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Download North American Indians Myths and Legends (Myths & Legends) epub

by Lewis Spence

North American Indians (Myths and Legends) by Lewis Spence. First published in 1914. Includes 7 Chapters, a Bibliography, Glossary, Illustrations, and Index
Download North American Indians Myths and Legends (Myths & Legends) epub
ISBN: 1859580157
ISBN13: 978-1859580158
Category: Religion
Subcategory: Other Religions Practices & Sacred Texts
Author: Lewis Spence
Language: English
Publisher: Senate; New edition edition (February 25, 1994)
Pages: 448 pages
ePUB size: 1758 kb
FB2 size: 1297 kb
Rating: 4.3
Votes: 244
Other Formats: docx mobi txt lrf

Great read for anyone who enjoys myths
gave me a lot of information up until now I never knew
seemingly available with a couple of titles this work by Lewis Spence forms one of a number of books on the subject of myths and legends which he wrote - others including Spain and North American Indians.

The work at hand directs itself to the myths and legends of Germany and most especially the author has chosen to tackle those especially centred along the Rhine river. Conveniently the tales are lined up in order - as if the reader was travelling along the river by boat, as so many tourists choose to do. The prose is pleasant though the terminology and some of the words utilised speaks of a certain age of the composition of the book. There is a good index at the back though no bibliography however the reader will probably get the titles of a few important works from the text especially the lengthy introduction.

Where the troubles begin with this collection of tales is the compilers insistence on selecting an almost clean sweep of romances. There are a few rather whimsical side tales and of course he simply has to treat with the Nibelungenlied which is festooned with chivalrous and not so chivalrous action. But for the most part what the reader gets is a fairly unrelenting barrage of romantic piffle. Young maidens are universally the most beautiful ever and every falls in love in milliseconds. Now obviously if you pick up a book of myths and legends then you know you are going get some fairly insipid love tales filled with instantly besotted buffoons but in this tome the reader is belted betwixt the eyes with blunt regularity. Barely have you read that a young woman and a young man have met than the very next passage tells of their instant love and devotion. More than a healthy suspension of disbelief is required to wade through such nonsense. Oh, and yes it just transpires that girls father after girls father deems the young man to be unworthy. Many of the tales have the same emotional maturity you'd get from the average book aimed at 13 year old girls.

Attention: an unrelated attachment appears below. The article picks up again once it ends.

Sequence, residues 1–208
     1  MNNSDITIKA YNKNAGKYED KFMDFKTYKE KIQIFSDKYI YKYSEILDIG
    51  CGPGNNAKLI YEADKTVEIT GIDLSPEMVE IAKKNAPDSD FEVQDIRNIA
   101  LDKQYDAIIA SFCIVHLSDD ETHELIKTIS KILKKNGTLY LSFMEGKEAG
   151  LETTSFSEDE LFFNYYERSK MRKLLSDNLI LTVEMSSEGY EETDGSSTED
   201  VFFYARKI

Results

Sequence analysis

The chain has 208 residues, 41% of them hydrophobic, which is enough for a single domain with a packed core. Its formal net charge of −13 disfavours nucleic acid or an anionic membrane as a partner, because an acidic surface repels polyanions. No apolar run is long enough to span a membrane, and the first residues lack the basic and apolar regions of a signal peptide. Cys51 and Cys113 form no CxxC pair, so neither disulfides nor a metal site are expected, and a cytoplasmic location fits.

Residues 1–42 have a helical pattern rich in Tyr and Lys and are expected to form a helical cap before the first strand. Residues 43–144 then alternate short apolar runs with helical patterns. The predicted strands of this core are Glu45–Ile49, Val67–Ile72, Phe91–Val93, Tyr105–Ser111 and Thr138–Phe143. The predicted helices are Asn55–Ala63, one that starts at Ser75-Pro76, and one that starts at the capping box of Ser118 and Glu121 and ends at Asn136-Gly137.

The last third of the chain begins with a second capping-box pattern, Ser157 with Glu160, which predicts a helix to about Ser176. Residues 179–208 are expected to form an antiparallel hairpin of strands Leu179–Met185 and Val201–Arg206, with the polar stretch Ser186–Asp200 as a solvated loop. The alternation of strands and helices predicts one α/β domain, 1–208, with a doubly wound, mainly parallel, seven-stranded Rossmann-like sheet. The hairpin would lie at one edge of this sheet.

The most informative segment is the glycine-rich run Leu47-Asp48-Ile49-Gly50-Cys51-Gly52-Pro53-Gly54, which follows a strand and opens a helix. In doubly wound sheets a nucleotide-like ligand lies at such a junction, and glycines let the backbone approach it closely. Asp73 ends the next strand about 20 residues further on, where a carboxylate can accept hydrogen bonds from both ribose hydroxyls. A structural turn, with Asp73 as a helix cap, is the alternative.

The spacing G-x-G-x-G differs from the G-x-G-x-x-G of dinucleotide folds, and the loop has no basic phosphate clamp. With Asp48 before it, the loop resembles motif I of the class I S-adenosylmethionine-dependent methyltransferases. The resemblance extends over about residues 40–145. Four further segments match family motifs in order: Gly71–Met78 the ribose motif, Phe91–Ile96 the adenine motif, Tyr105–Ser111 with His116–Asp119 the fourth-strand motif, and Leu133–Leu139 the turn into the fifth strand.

In short the author has well and truly failed to provide a range of styles of myths and legends to show the reader, preferring to focus on the gormless love tale.

Outside of that rather major issue the book has worth as a collection fables and the author evinces real knowledge and passion for his subject over and again. There are a few black and white illustrations but they are fairly dank affairs that add little. All told this is a book that fans of this sort of thing would probably enjoy and as it forms part of a larger series it probably has added value to you if you plan on buying the set.
This book is a collection of Native American myths and legends from all over North America. There are stories from many different tribes, like the Pawnees, the Chinooks, and the Haida. One of my favorites is from the Algonquin tribe. The story is about how Glooskap, the Algonquin Sun god, conquered all the evil spirits to be found. Then he met his match at the hands of a baby. He was trying to get the baby to come to him, but the baby refused to move. Finally, Glooskap ran away in frustration, and that myth ended.

This book has a section for myths and legends, and a section for information about the legends. The legends were really good, but the informational part of the book, for example, Chapter One, on the customs of Native Americans, was really boring because it failed to capture my interest.